Divide body weight in pounds by 2.2 to find body weight in kilograms. Multiply that number by 0.8 and then you have the daily number on how many grams of protein per day.
200 pounds / 2.2 = 91kg
91kg * 0.8g protein/kg = 73g protein per day
Please note that these numbers are minimum amounts, those who need to gain muscle need more protein per day.
The amount of protein also goes up during exercise, and athletes may need more than twice as much as sedentary people to ensure optimal recovery. A good estimate is to multiply body weight in kg by 1.8.
200 pounds / 2.2 = 91kg
91kg * 1.8g protein/kg = 164g protein per day
It is important to realize that these numbers are only estimates, and the required amount of protein a day can vary greatly.
“For those unfamiliar with the metric system and kilograms:
0.8g protein/kg is the same as 0.36g protein/pound of body weight.
1.8g protein/kg is the same as 0.82g protein/pound of body weight.”
Elite athletes may need even more than this to ensure optimal performance, and bodybuilders using synthetic hormones may need more too.
The requirement also goes up when on a low-carbohydrate diet, because then the body will need some amount of protein to make glucose.
As you can see, these numbers are much lower than what you may have read in a fitness magazine.
There was a research study done on this, and it turned out that a high-protein diet didn’t have any benefit whatsoever over a moderate-protein diet in strength athletes.
That is, eating a moderate amount of protein was better for muscle gain than a small amount of protein, but eating a very large amount had no additional benefit.
This implies that it is not at all necessary to consume large amounts of protein supplements, the numbers above are easily achieved by eating real and wholesome foods.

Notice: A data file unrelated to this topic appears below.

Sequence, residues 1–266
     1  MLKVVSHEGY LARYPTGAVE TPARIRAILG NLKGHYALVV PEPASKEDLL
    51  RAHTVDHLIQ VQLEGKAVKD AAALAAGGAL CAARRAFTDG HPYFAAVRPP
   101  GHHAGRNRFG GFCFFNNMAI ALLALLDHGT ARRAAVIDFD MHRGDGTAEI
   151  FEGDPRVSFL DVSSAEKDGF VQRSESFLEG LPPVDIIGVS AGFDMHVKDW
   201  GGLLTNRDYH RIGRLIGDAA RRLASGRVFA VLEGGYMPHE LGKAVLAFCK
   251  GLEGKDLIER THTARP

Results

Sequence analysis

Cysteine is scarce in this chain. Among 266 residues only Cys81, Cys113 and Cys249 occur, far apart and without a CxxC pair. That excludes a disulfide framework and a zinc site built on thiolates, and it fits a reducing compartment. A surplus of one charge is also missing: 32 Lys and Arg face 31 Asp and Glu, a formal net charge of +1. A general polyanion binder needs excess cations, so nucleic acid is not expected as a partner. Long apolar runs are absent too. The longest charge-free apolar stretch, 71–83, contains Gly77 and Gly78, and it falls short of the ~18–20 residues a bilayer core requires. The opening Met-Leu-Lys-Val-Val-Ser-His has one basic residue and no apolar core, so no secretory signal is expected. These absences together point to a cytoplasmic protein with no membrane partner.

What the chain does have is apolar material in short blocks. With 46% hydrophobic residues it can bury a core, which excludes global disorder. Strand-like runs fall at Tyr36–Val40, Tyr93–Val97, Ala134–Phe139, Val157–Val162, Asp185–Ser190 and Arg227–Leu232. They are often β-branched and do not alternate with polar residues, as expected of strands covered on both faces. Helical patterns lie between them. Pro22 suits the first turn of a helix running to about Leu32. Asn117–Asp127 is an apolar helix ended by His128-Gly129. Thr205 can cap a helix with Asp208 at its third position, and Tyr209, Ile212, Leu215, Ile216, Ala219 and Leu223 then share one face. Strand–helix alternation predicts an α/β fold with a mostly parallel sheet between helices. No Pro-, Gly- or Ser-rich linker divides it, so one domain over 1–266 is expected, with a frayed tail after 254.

How much protein is too much?
I have often heard people claim that too much protein is bad for you.
It is a fact that excessive protein causes strain on the kidneys, because they need to rid the body of the protein metabolites.
I don’t think this has any real consequences for healthy people, but those with kidney disorders should be careful.
Excessive protein may increase risk of kidney stones, and some evidence shows that high protein intake can contribute to calcium loss from bones.
The way this affects protein intake is that everything in moderation is fine, such as eating a variety of healthy animal foods.
However, this does make me wonder if consuming large doses of protein supplements is a safe choice.
It is clear regarding how much protein per day that a decent amount is needed to ensure optimal muscle gain but definitely nowhere near as much as advertised by supplement manufacturers.
I don’t believe there is any need to eat protein every 2-3 hours, but eating a few meals per day (such as breakfast, lunch and dinner) with high quality protein sources should be sufficient.
I do recommend getting protein through animal products such as meat, fish, eggs and full-fat dairy (for those who aren’t lactose intolerant).
The body can make better use of animal proteins due to their high biological value.